A true sacrifice requires three things: knowledge of the one to whom the sacrifice is offered; a meticulous approach to the particulars of the sacrifice itself; and dedication on the part of the offerer. Adam possessed all three:
(i) He had an intimate knowledge of God. His sacrifice was not as the Athenians - to the unknown God. He was able to distinguish between the creature and the Creator, so as to worship the latter and not the former. This knowledge was spiritual. Part of Adam's condemnation when he fell is that he had spiritual knowledge of God. He was not ignorant of the one against whom he sinned. Indeed, while fallen man today has no spiritual knowledge of God, even he is condemned - not because he is ignorant of truth - but rather in knowing the truth he holds such truth in unrighteousness. (Romans 1:18)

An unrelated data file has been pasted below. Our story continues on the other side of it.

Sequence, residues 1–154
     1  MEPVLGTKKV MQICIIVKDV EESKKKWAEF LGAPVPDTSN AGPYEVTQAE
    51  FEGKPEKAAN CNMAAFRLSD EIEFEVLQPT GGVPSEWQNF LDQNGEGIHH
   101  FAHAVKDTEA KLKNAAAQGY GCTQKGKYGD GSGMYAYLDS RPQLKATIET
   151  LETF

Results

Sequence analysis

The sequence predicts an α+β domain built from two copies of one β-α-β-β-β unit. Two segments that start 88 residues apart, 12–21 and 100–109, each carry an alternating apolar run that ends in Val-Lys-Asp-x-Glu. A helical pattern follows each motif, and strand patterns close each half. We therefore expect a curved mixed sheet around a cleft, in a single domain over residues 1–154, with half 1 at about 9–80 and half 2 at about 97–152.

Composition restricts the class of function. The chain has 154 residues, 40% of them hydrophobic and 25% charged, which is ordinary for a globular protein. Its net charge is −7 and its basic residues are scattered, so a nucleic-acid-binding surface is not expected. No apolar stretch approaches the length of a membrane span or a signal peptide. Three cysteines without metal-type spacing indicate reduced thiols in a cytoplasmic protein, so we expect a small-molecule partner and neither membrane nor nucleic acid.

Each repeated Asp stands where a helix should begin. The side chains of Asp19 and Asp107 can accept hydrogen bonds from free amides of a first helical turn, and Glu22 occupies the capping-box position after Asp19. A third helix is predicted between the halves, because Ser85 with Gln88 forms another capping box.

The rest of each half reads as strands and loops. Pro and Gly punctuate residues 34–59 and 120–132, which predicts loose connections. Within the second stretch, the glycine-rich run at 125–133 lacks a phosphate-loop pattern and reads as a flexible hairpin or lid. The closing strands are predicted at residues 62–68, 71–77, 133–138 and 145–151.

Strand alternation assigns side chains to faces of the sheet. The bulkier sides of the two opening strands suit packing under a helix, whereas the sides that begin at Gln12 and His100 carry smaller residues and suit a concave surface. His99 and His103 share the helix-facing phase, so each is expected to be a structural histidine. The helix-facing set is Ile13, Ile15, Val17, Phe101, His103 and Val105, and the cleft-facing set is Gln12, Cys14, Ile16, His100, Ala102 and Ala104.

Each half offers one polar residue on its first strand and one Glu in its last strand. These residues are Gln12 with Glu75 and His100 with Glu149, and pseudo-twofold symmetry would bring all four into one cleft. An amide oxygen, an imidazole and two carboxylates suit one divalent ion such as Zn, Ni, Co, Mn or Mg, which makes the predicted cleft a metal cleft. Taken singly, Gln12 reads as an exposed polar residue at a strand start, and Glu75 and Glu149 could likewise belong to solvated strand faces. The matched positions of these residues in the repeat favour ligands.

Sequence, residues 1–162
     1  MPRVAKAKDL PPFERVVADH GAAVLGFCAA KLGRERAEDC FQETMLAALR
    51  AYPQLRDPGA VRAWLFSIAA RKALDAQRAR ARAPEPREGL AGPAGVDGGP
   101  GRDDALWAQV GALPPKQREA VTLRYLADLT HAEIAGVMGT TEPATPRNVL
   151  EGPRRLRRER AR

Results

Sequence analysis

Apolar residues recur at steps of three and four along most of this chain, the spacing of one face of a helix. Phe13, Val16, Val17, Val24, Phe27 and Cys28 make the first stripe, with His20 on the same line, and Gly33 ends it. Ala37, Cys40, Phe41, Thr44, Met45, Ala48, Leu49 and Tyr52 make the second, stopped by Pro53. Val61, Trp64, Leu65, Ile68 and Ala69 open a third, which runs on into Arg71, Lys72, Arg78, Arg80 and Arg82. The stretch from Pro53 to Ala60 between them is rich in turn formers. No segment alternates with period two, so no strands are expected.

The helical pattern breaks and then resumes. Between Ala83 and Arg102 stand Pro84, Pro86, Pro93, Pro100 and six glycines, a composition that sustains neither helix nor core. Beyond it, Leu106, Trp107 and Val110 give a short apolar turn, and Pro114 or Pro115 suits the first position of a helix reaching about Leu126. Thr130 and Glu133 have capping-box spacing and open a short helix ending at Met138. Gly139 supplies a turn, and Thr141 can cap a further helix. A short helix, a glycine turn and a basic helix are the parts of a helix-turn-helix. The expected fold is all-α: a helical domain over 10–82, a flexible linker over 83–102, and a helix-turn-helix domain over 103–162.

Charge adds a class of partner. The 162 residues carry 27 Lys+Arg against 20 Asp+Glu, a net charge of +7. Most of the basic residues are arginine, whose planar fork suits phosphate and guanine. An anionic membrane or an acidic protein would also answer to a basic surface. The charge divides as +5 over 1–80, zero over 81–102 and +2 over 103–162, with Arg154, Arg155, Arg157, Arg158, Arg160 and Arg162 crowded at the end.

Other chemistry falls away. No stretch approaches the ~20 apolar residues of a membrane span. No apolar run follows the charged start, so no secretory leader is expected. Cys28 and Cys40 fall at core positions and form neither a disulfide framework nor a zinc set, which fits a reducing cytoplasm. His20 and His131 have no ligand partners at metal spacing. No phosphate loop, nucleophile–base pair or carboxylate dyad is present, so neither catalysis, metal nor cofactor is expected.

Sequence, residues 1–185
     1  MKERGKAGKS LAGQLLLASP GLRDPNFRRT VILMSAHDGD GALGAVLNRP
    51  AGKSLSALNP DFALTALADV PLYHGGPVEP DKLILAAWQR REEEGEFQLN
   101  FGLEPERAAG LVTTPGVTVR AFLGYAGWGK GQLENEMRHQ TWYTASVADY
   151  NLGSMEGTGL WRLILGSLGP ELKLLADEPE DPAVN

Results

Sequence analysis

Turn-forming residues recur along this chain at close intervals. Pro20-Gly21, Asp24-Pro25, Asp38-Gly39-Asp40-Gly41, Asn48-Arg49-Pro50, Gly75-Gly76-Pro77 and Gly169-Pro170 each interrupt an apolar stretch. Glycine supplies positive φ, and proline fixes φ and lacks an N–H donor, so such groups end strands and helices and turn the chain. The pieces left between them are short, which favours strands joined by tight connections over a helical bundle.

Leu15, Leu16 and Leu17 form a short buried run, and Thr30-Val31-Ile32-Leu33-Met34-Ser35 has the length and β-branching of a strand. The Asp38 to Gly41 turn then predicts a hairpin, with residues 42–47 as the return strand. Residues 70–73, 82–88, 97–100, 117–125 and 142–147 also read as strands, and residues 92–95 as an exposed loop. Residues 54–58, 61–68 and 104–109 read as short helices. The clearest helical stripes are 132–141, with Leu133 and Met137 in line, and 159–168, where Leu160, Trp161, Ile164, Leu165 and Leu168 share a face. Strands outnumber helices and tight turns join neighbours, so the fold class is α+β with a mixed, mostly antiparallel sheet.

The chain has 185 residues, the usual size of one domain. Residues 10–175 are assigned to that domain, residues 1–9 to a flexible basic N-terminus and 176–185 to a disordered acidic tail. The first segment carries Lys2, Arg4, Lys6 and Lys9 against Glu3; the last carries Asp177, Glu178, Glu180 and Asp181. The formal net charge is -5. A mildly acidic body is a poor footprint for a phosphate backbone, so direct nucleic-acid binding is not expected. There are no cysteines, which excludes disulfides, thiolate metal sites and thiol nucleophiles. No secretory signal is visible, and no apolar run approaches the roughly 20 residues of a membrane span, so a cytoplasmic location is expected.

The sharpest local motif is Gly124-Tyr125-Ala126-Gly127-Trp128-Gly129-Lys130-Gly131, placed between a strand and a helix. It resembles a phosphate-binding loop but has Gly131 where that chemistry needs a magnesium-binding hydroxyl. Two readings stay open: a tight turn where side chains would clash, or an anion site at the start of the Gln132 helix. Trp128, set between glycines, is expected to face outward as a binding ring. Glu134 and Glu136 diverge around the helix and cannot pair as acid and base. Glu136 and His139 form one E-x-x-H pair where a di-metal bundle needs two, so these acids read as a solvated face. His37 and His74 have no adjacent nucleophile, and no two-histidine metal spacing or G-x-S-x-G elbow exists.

(ii) He was meticulous in his approach to God. Adam walked in righteousness. This is unquestionably the case when one considers the meticulous arrangements given regarding the erection of the tabernacle, and the unambiguous details given regarding the various offerings of the Old Testament. The case of Aaron's two sons, Nadab and Abihu, illustrates the point. While they offered fire before the Lord, it was fire 'which he commanded them not'. They were both consumed.
(iii) He was dedicated to God. He was a living sacrifice, fully dedicated to the service God. He presented and devoted all the powers and faculties of his soul, and members of his body, with all readiness and willingness, to the service of God for his honour and glory. In other words, Adam was holy, and he offered up a holy sacrifice as he offered up himself.